The recovery in the US labour market stalls, amidst a lack of progress on any additional fiscal stimulus

With hard data releases somewhat lacking this week, what we did see was the Euro Area’s Q2 GDP reading have a modest upward revision to a -11.8% decline rather than the previously estimated -12.1%.

Over to the US, where the initial weekly jobless claims for the week ending 5 September was unchanged from the previous week at 884k (34k above market expectations). Continuing claims covering the week prior to that increased to 13.4m from 12.9m the week before. These numbers will add to concerns that the recovery in the US labour market is slowing, especially with the lack of any further stimulus being agreed to in support of this recovery.


Economic data takes a backseat next week whilst focus turns to central banks, with a number of policy announcements from around the world. The highlight will likely come on Wednesday, where we hear from the Federal Reserve regarding their latest monetary policy decision, as well as the subsequent press conference from the Fed Chair Jerome Powell. Outside of that, there will be decisions from the Bank of England, Bank of Japan and several emerging market central banks.

On the data front, we will receive industrial production, retail sales, housing starts and building permits from the US, as well as the usual weekly initial and continuing jobless claim releases. On Tuesday, we will also receive industrial production and retail sales prints from China.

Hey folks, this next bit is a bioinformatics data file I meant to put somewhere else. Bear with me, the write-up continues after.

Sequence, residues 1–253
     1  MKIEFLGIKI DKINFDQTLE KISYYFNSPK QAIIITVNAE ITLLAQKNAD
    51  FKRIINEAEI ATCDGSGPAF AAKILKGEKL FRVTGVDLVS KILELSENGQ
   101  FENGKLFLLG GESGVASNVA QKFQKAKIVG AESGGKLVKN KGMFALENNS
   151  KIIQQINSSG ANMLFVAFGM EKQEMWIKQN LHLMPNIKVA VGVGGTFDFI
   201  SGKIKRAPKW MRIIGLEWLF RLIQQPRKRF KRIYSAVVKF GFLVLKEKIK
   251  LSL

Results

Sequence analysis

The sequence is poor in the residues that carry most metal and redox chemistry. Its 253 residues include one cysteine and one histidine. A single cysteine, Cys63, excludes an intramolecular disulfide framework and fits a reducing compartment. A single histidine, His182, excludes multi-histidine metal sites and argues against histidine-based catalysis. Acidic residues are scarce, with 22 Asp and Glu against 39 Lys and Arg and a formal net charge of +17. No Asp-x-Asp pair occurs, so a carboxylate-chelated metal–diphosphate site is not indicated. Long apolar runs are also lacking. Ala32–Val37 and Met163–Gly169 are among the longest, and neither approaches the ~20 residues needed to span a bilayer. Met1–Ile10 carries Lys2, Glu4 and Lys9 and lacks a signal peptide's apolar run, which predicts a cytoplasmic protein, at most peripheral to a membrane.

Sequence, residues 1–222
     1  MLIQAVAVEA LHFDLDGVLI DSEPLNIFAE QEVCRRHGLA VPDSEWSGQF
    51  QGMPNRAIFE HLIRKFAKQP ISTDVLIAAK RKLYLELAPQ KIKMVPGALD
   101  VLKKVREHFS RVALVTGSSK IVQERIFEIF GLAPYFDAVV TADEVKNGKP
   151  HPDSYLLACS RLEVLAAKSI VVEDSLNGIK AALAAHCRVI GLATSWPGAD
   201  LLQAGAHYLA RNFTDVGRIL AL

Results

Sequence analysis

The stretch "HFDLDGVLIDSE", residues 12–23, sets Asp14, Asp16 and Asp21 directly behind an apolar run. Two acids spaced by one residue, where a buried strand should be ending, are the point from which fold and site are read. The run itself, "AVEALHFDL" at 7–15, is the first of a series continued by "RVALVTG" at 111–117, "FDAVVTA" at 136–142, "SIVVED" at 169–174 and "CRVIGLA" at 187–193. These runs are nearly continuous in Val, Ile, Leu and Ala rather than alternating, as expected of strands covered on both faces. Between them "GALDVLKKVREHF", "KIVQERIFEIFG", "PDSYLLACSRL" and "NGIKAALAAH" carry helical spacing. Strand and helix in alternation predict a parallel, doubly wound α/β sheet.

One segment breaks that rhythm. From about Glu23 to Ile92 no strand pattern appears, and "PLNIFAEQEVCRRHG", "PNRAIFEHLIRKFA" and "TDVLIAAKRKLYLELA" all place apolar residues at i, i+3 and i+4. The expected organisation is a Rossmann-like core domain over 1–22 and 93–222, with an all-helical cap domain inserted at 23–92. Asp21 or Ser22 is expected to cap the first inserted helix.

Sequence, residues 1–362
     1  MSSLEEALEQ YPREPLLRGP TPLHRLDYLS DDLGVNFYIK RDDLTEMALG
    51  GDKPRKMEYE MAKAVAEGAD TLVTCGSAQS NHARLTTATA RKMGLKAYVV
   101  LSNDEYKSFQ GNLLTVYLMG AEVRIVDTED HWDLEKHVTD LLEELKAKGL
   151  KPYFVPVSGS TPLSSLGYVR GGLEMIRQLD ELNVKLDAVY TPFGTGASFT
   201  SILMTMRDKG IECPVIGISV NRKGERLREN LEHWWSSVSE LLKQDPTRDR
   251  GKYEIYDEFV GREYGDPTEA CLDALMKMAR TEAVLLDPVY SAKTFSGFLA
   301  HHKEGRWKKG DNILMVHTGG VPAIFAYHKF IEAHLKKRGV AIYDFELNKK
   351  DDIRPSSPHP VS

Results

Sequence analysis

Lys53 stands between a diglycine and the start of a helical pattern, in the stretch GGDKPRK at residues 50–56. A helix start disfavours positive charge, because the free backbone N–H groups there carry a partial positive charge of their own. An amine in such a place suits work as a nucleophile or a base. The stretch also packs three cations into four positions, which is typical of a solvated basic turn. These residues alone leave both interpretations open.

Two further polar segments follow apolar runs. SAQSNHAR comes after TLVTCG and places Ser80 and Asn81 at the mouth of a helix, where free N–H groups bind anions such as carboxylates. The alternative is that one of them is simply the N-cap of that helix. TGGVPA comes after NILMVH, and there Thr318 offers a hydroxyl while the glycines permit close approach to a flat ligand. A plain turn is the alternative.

Lastly, given the abovementioned developments with Brexit, focus will be on the UK government as the new internal market bill is debated amongst the House of Commons.


Important information

5-year performance record to 30 September 2020

  Calendar year returns   12-month rolling returns  
  2019 2018 2017 2016 2015   2019-2020  2018-2019  2017-2018 2016-2017 2015-2016 Currency
Insight's broad opportunities strategy (pooled) (GBP) 13.13 -4.99 10.13 5.05 -1.19   -3.60 5.80 2.18 6.82 5.45 GBP
3-month GBP LIBID 0.68 0.60 0.23 0.38 0.45   0.36 0.70 0.50 0.21 0.42  

Please refer to the following risk disclosures. 
Returns are shown gross of fees. Returns are shown for the Insight Broad Opportunities Fund (share class S GBP, inception 29 February 2012) and the Insight Broad Opportunities Strategy (inception 31 Dec 2004).


Past performance is not indicative of future results. Investment in any strategy involves a risk of loss which may partly be due to exchange rate fluctuations.

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Any target performance aims are not a guarantee, may not be achieved and a capital loss may occur. Strategies which have a higher performance aim generally take more risk to achieve this and so have a greater potential for the returns to be significantly different than expected. Portfolio holdings are subject to change, for information only and are not investment recommendations.